To the delight of headline writers everywhere, a man named David Pecker turns out to be the editor of the National Enquirer and other trashy tabloid media outlets. We learned this last week when Mr. Pecker (snicker) was granted immunity in exchange for, presumably, answering questions about Donald Trump.
My father spent nearly three decades as a prosecutor. I enjoy having conversations with him about criminal investigations, high profile trials in the media, etc because he always seems to know what is going to happen. And over time he has confirmed all of the prosecutorial cliches about criminal matters – the foremost among them being that individuals refusing to testify against their colleagues in crime is almost entirely a creation of fiction writers and Hollywood. In real life, "First to talk, first to walk" applies almost without exception.
Trump seems legitimately upset about some of the people – including attorneys, former legal counsel, and fellow celebrity gossip column types whom he probably thought really, unironically were his friends. Oddly enough, all of these people like Pecker most likely are sincere believers in Trump and allies in whatever the Great Man has done throughout his life.
But here's the thing: just like all animals are innately afraid of fire, I believe all humans are innately terrified of prison. David Pecker probably never had any intention of spilling dirt on Trump, but I'd be willing to be David Pecker also never thought of himself as a person who might be charged with a serious crime. Unlike, say, a drug trafficker or a murderer who knows he/she has broken the law and is potentially in very deep shit, a lot of these white collar types live in a fantasy world in which nothing they have ever done is wrong. Or, more charitably, they may sincerely be unaware of white collar laws they've violated.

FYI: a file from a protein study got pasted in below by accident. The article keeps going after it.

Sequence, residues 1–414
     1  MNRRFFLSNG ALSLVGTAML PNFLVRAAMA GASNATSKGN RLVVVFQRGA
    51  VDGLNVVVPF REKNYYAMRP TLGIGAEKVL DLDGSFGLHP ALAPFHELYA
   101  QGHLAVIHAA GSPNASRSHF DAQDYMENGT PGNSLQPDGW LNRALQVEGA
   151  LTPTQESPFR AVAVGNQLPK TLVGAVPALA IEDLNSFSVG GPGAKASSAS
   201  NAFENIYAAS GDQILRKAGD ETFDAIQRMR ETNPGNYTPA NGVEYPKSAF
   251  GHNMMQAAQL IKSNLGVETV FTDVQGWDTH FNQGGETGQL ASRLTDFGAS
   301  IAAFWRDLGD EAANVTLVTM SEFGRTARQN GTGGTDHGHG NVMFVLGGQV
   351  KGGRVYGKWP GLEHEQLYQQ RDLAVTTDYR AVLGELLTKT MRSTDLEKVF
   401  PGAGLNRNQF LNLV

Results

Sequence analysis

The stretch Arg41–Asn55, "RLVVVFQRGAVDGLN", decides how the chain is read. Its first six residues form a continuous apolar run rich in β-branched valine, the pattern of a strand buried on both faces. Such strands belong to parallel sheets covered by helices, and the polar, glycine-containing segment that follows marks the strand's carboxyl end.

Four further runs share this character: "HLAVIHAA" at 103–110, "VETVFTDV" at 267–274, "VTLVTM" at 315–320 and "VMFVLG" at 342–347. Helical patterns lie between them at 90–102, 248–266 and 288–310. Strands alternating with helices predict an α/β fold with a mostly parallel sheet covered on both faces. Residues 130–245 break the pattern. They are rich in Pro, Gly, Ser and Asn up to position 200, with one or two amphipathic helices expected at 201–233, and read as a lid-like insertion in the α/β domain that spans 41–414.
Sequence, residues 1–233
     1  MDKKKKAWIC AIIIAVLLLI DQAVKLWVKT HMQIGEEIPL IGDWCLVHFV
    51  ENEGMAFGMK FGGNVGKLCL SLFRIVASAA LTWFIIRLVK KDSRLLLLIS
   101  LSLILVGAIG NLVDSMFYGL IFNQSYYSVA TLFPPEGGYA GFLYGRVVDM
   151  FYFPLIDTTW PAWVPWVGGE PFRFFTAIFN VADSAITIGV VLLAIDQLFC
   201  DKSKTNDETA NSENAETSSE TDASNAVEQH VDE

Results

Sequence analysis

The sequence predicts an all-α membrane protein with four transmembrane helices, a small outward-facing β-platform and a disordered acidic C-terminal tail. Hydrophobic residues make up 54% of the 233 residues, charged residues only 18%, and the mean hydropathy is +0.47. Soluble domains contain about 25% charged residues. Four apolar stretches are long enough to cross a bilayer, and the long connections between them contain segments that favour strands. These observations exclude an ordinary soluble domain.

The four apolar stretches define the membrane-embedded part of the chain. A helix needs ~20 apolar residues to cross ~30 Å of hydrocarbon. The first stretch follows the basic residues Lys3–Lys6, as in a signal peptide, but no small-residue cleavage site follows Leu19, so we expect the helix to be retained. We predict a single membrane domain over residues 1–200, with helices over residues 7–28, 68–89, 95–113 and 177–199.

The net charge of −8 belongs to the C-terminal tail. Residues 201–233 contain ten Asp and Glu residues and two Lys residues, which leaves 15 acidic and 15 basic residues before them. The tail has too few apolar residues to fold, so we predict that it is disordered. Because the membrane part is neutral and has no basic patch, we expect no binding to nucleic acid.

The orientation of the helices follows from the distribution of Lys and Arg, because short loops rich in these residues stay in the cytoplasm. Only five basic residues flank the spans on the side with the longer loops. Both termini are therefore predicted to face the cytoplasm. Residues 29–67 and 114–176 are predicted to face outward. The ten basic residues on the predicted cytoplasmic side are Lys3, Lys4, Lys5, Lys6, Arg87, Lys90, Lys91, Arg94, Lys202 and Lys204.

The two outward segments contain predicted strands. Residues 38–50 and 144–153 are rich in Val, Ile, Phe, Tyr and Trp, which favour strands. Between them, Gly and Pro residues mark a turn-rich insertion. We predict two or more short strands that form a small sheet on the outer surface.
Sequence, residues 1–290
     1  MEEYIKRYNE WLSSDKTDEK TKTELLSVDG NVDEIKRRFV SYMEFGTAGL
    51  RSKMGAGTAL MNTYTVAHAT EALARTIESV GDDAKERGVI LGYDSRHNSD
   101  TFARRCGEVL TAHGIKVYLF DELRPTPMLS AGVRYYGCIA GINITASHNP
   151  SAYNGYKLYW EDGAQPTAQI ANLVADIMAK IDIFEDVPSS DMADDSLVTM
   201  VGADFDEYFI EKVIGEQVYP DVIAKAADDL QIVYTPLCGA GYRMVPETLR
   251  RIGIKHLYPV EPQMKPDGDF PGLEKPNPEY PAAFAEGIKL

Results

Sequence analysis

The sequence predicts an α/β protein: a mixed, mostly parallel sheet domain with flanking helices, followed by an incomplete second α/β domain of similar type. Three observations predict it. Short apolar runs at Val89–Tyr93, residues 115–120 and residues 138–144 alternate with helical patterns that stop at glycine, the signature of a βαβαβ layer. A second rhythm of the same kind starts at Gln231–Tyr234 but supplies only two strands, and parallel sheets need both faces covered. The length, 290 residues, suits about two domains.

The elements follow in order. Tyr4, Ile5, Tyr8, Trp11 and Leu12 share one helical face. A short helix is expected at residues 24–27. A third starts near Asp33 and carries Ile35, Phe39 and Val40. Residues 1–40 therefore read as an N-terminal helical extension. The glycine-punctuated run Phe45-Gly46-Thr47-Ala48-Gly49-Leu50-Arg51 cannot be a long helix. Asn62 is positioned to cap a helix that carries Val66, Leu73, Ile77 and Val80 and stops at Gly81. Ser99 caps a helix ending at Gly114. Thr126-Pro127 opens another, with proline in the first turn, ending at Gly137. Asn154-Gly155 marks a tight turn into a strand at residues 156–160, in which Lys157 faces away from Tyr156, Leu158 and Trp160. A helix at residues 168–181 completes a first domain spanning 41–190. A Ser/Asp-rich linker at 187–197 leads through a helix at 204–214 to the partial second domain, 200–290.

So here's David Pecker, Trump ally, sitting in a conference room somewhere with his high-priced lawyer and ten Federal prosecutors. The Feds explain to him, calmly and coldly, that they have enough evidence to charge him with a grab bag of felonies – violating IRS or SEC reporting requirements, for example. The kind of technical-details crimes that I'm assuming most of the truly wealthy could be charged with if some prosecutor were willing to dig hard enough.
And now David Pecker, Trump ally, who has lived a wealthy and "successful" and immensely privileged life and is now an old man, is for the first time in his life picturing himself in prison. Or even simply picturing himself in a courtroom facing the remote possibility of prison. It must be, in a way few of us can appreciate first-hand, terrifying. I believe without judgment that all of us would do just about anything to avoid going to prison. Because going to prison seems fucking horrible, minimum security white collar prison or not.
And so he talks. As soon as immunity is offered he jumps on it without a second thought, encouraged enthusiastically by his high priced attorney. What seems like yet another example of the total absence of loyalty among the rich is, in the cold light of reality, a natural reaction to a set of circumstances you or I would react to identically. If they were face to face, I have no doubt that Pecker could tell Trump without lying, "I like you, Donald, but I can't go to prison to protect you."
Everybody talks. And I understand completely why everybody talks, because I have no illusions that I would do the same thing in similar circumstances. I don't think that makes me a bad person; I think it makes me a human being who is afraid of things that are horribly unpleasant.